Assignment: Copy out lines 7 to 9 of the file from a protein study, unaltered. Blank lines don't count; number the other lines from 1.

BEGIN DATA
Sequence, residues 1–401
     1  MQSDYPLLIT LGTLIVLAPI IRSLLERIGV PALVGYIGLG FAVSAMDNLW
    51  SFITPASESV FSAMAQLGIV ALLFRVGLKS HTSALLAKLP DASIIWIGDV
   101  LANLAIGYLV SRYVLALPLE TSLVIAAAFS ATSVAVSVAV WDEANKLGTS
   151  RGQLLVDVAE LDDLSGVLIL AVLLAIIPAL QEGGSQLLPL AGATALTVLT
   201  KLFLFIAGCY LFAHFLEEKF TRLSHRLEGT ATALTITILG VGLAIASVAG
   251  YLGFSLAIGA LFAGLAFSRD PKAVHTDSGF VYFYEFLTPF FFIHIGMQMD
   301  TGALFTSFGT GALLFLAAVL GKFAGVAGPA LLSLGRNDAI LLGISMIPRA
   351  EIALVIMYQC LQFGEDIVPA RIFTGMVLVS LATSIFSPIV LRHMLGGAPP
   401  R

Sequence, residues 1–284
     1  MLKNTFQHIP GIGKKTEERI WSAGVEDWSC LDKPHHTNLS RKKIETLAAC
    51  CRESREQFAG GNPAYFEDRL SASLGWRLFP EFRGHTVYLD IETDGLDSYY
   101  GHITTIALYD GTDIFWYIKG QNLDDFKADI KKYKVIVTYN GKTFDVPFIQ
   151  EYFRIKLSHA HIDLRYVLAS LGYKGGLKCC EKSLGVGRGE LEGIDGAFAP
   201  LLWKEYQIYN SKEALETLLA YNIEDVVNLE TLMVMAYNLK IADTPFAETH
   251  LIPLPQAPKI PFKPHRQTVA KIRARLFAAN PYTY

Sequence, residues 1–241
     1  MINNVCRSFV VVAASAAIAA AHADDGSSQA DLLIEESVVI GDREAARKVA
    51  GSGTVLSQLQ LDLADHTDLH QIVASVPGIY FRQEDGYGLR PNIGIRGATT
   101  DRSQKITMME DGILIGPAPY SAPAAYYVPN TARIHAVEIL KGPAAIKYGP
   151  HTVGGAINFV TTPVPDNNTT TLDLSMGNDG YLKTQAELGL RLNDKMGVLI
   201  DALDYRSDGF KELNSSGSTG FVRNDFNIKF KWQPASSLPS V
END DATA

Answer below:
   251  YLGFSLAIGA LFAGLAFSRD PKAVHTDSGF VYFYEFLTPF FFIHIGMQMD
   301  TGALFTSFGT GALLFLAAVL GKFAGVAGPA LLSLGRNDAI LLGISMIPRA
   351  EIALVIMYQC LQFGEDIVPA RIFTGMVLVS LATSIFSPIV LRHMLGGAPP